The High Court rejects the Hong Kong government’s genius mask ban. A Beijing spokesman calls the ruling a ‘direct challenge to the authority of the Standing Committee of National People’s Congress and the chief executive’. Awkwardly, the CE’s own government says it will comply with the ruling (though possibly appeal).
More mouth-frothing follows from various Mainland ‘experts’ who suggest that the court is ignorant, living in a ‘dinosaur era’ and ‘inciting protesters’. One rants about ‘infiltration of politics into the judiciary’.
Assuming an appeal would be time-consuming and unpredictable, it looks like Beijing will use its ‘interpretation’ mechanism to overrule the court. The process is dressed up in blather about the NPC Standing Committee divining the true, authentic and original (but hitherto unnoticed) meaning of the Basic Law (the wording of which says mysteriously something totally different). In reality, it is an instant rewrite to make the mini-constitution say whatever happens to suit the Communist Party at the time.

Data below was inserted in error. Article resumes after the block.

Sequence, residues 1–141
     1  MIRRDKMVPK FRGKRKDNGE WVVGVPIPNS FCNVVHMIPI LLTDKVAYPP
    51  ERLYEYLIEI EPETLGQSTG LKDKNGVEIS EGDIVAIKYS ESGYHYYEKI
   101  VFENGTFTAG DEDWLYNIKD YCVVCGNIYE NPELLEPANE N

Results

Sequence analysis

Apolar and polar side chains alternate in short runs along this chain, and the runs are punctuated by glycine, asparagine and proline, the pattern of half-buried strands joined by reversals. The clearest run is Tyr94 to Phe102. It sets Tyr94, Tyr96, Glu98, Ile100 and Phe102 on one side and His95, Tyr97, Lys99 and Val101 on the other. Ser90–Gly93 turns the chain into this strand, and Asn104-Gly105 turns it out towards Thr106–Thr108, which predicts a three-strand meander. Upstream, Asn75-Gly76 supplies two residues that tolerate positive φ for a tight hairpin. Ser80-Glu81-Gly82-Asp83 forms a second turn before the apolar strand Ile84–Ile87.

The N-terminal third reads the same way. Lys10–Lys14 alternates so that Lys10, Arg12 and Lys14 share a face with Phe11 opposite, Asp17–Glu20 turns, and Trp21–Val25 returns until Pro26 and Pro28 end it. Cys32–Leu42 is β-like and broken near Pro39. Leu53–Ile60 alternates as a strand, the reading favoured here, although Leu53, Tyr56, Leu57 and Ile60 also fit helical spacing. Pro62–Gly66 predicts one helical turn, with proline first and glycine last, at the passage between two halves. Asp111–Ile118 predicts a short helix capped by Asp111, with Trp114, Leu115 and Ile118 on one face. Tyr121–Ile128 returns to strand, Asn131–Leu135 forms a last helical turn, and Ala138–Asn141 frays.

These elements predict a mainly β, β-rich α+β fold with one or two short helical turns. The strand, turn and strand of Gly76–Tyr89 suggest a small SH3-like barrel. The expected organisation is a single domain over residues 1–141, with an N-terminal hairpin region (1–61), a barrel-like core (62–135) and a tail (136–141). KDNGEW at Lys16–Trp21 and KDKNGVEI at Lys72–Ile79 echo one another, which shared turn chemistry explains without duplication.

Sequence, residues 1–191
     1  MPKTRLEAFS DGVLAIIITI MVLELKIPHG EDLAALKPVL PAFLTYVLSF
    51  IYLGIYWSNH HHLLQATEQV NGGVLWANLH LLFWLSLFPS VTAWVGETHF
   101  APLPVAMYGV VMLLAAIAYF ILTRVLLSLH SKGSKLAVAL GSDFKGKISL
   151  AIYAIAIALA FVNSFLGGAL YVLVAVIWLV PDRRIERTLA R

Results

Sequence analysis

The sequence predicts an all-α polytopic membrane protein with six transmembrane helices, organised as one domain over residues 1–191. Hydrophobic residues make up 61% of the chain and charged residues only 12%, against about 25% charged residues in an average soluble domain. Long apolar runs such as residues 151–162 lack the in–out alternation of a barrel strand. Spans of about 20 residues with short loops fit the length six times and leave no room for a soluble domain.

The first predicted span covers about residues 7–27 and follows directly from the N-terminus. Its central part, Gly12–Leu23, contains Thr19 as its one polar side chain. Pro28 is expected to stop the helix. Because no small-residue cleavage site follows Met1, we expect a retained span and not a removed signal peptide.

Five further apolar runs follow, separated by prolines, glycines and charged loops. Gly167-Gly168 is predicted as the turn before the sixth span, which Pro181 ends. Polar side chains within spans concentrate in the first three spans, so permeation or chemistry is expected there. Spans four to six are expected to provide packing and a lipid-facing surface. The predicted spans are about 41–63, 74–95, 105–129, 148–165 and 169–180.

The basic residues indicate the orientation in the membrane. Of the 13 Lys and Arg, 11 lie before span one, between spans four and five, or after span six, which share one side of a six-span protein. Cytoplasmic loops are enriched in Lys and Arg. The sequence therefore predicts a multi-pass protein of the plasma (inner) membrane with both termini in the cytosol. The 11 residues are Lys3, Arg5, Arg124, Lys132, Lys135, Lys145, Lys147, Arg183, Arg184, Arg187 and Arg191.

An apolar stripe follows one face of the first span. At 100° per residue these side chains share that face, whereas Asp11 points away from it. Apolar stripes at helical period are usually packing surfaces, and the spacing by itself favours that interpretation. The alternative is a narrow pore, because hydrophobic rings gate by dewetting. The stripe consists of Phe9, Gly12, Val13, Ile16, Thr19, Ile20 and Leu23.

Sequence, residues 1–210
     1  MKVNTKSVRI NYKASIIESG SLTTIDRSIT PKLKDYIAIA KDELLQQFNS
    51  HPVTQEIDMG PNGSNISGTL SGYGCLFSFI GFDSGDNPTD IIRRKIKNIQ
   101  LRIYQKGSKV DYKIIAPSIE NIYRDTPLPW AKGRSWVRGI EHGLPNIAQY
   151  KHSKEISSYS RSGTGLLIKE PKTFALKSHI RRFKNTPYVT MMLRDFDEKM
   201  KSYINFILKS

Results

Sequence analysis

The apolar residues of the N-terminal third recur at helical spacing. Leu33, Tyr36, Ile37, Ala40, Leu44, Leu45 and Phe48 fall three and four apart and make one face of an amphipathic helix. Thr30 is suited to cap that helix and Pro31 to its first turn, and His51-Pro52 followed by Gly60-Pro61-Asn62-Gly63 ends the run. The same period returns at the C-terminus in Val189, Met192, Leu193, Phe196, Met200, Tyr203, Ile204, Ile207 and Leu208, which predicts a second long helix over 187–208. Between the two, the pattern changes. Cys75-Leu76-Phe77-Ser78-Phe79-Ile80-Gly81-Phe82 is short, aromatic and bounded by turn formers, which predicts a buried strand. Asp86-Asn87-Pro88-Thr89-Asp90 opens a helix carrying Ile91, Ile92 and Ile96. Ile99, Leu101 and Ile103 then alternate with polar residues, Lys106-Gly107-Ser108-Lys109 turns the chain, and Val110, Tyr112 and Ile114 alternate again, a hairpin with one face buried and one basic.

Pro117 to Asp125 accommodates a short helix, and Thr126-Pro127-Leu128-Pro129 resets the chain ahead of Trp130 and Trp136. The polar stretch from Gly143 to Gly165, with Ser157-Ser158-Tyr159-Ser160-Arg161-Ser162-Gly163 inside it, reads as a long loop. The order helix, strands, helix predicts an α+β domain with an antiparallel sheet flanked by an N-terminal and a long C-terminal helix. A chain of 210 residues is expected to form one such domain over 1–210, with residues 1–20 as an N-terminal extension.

It is so heavy-handed and unconvincing – and clearly a travesty of Hong Kong’s common law system – that Beijing has used it sparingly, either out of expediency in specific cases or to make a point of principle. It this case the ‘interpretation’ might rest on issues of security and public order, or on the Hong Kong court’s impertinence in ruling on a law’s constitutionality (or both). But to the world watching, it will look both absurd (a mask ban, seriously?) and a blatant violation of rule of law in Hong Kong.
Meanwhile, Hong Kong’s hapless officials must put on an act of respecting the local judiciary and groveling to the CCP simultaneously.